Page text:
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Cement company’s 1,400-acre mining claims spark outcry from Parks community – Arizona's Family

PARKS, AZ (3TV/CBS 5) — Residents in Parks, just west of Flagstaff, are concerned about more than 1,400 acres in mining claims one company has in Spring Valley. This isn’t their first project in the area, but it’s about 20 times larger. Those who live there say the project would impact thousands of people.
People in Parks said their issue isn’t with the mining project itself, but the noise and landscape changes it would bring to their secluded and quiet community.
Joe Amadeo has lived in Parks, Ariz. for over a decade. He traded the hustle and bustle of the city for “Peace, quiet, great neighbors,” Amadeo said. “All you can hear are the creeks of this saddle, haha.”
Like the 1,100 people who live in the area, Amadeo engrained himself in the community — quickly finding his own slice of paradise in the Spring Valley. But now, he said all the things that drew him here could soon be gone. “It’s remarkable, and to see it all just go for naught. It just makes no sense.”
Cement company Drake has permits to mine about 1,400 acres in the Spring Valley. They’re digging up pozzolana, a volcanic ash that makes eco-friendly cement.
“Drake Cement stands committed to protecting the environment, improving quality of life, and following the law in every community where we do work,” spokesperson David Chavez said in a statement. “As the company has since beginning business in Arizona in 2011, Drake continues to explore potential mining sites in areas in proximity to our Paulden plant. In staking such claims on federal lands, we will continue to obey the General Mining Act of 1872, which requires a fully transparent public process Drake supports wholeheartedly.”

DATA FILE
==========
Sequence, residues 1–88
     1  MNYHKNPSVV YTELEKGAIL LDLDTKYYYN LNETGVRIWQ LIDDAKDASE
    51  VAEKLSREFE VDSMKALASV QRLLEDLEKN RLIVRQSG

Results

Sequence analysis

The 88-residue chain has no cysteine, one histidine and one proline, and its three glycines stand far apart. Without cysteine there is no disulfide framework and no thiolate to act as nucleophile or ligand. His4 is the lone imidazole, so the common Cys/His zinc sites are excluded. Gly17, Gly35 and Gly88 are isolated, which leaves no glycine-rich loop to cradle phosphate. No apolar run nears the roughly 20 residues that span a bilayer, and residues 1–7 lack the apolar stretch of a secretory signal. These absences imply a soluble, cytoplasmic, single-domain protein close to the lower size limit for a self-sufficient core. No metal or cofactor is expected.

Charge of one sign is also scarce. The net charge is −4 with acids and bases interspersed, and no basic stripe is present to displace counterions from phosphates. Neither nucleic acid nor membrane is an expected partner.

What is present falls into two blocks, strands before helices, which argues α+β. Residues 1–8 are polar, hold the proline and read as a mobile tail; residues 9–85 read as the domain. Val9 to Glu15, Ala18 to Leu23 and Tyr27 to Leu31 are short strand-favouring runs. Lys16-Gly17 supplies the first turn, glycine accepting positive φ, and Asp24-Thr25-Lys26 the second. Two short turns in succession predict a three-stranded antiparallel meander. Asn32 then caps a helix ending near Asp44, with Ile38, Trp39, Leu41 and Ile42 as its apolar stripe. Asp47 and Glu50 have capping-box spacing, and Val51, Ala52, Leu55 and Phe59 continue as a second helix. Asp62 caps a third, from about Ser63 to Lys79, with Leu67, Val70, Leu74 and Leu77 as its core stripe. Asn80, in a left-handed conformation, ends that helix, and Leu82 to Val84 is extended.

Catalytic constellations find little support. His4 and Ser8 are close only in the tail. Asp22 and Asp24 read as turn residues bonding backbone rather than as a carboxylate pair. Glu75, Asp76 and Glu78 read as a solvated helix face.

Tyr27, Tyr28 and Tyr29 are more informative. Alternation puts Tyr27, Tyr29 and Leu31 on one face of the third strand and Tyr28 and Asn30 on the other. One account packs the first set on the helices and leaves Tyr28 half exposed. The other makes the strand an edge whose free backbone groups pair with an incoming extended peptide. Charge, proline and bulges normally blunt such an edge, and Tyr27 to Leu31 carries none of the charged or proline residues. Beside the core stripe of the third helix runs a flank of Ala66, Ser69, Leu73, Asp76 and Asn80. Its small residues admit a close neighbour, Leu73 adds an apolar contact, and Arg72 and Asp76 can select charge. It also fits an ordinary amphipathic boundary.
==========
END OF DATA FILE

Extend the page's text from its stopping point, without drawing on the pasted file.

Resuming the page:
The company started another pozzolana mining project this summer near Williams. Unlike the project in Parks, this one is only 65 acres, and less than five people live in that area. They plan to extract 300,000 to 500,000 tons of the green material each year for 20 years.
“I understand they want to stay within 2 hours of their plant. That totally makes sense,” Joe said. “I was in business for a long time, I understand that, but again, there are places where thousands of people will not be impacted.”
The cement company said these claims don’t automatically mean they will start mining in the near future. “Keep in mind, please, that the placement of an exploratory claim is merely the first step in the long process of potentially extricating minerals from a site,” Chavez said. “In fact, Drake has yet to even apply for a permit to conduct an exploration. Should Drake conduct such an exploration, we will grade, repair and restore the site, per U.S. Forest Service guidelines. Similarly, we will continue to work with the Forest Service should we move ahead with an exploratory site, just as we will continue to work with municipal leaders and residents to create open lines of communication about our plans.”
People who live in the small town are taking this issue to heart. They’re going to town meetings and even started a website. Joe said this isn’t going to only impact residents but the watershed, hunting, and wildlife in the area. “If you’re truly concerned about that, we ask you to show by withdrawing your claim and not pursuing the mining here,” Amadeo said.
The cement company said they will have measures to prevent any of that from happening. “Should Drake move ahead at this location, our work will not create pollution, noise, and industrial traffic, nor will it damage quality of life, property values, tourism, or the quality of water in the area,” Chavez said.
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